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    Saturday, February 16, 2008

    The Kosovo conundrum

    It sounds increasingly like Kosovo is going to unilaterally declare independence from Serbia tomorrow.

    Whatever you think of the arguments for and against Kosovo becoming an independent state, it's a dangerous step that could provoke fresh violence not only in the Serbian areas of Kosovo (if Serbia is divisible, why isn't Kosovo?), but in ethnically divided Bosnia-Herzegovina as well. Leaders of the "Respublika Srpska" could be forgiven for wondering why - if Kosovo is allowed by the international community to go its own way - they can't also declare independence or push again for union with Serbia.

    Russia's foreign ministry once more earned itself the enmity of Georgian President Mikhail Saakashvili last week when it linked the fate of Kosovo with Abkhazia and South Ossetia, Georgia's two breakaway regions. But the Russian stance has some merit: Why are the Kosovars more worthy of independence than the Abkhaz or the South Ossetians?

    (It's worth noting here that many Georgians see the logic in what the Kremlin is saying: "Today there is no bigger problem for Georgia than possible recognition of Kosovo," Kakha Dzagania of the opposition Labor Party was quoted as saying yesterday. "That may become a precedent for recognition of Abkhazia and South Ossetia.")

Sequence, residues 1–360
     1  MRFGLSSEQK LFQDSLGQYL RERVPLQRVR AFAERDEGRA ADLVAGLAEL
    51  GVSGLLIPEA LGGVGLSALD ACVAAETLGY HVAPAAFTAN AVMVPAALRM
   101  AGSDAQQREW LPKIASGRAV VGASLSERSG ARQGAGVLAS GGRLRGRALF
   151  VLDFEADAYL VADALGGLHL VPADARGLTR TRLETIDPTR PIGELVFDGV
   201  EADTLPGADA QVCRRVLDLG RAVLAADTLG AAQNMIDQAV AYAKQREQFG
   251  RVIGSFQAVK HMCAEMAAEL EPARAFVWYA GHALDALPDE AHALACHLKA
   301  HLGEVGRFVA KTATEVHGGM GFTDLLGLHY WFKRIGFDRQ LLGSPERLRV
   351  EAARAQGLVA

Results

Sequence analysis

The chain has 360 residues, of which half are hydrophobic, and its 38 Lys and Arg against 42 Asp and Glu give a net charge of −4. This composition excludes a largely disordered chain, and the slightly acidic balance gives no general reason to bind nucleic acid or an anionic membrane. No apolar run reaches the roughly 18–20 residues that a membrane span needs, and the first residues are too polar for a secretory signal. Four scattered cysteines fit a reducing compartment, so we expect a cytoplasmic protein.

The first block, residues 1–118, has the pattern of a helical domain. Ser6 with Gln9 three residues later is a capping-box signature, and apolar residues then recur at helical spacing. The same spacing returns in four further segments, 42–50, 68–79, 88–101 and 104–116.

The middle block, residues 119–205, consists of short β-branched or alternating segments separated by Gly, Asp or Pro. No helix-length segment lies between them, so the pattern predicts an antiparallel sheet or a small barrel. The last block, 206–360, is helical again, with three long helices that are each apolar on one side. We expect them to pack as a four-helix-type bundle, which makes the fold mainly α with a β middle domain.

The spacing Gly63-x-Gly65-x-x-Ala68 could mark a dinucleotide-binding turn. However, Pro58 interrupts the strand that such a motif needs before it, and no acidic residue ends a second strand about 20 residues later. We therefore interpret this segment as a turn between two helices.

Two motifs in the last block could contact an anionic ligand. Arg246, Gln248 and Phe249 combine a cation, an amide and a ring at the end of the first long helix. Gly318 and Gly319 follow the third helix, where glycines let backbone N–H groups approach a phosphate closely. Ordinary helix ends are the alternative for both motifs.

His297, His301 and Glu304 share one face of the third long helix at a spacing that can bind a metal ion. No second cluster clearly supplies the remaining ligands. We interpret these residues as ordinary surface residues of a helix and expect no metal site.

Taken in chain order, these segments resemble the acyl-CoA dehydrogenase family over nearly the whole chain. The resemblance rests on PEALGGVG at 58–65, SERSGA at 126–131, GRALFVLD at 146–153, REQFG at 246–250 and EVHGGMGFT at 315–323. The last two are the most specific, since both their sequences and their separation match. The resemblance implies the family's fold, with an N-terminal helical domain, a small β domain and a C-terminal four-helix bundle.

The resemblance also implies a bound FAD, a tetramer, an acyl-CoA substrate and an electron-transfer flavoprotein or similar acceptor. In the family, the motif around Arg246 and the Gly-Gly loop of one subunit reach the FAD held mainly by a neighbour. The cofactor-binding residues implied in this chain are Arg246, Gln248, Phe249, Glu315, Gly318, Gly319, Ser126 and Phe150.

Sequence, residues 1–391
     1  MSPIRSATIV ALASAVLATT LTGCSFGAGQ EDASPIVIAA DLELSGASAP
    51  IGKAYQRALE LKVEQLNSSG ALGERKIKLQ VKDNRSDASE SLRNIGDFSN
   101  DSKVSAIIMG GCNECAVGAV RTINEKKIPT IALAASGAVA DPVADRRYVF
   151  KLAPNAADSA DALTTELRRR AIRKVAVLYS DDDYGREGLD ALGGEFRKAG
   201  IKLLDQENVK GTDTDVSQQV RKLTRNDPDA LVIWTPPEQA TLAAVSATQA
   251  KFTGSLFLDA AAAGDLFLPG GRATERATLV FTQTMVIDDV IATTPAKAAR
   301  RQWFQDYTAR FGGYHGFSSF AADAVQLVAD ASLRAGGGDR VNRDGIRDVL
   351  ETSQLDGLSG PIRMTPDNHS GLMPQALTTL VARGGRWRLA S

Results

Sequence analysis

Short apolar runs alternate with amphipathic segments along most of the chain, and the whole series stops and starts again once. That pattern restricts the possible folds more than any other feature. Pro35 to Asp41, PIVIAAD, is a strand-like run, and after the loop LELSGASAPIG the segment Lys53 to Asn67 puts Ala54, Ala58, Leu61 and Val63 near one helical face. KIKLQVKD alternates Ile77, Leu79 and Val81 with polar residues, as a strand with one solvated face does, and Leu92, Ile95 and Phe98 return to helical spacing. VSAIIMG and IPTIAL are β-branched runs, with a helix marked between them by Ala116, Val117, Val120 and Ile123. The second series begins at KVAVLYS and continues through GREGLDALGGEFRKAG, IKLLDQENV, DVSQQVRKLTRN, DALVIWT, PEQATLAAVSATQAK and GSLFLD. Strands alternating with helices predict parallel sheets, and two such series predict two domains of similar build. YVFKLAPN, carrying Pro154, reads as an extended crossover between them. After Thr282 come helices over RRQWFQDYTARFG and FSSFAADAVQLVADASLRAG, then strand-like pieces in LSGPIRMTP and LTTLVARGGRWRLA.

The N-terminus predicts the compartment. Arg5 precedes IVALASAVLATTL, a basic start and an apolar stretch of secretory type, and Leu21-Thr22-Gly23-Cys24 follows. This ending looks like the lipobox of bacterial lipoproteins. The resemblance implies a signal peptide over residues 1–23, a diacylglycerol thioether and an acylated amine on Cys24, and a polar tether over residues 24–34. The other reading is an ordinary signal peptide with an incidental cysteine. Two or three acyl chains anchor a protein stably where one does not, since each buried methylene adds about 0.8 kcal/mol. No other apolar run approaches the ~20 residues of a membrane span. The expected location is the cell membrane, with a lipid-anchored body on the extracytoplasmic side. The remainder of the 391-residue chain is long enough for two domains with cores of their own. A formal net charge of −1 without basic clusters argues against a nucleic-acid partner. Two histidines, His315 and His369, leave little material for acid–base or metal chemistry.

There are those who will argue that the Abkhaz and South Ossetian separatism movements are not genuine, that they are manufactured by the Kremlin as a way of maintaining influence over its former colony. While there's certainly some truth to this, you could say the same about Kosovo, which has been nurtured and protected by NATO since 1999.

    My point here is not to argue for or against independence for Kosovo. But I do find myself wondering how the United States and the European Union find it reasonable to argue that the Kosovars deserve the right to determine their own fate, Serbia be damned, but other peoples of Eastern Europe in similar situations do not.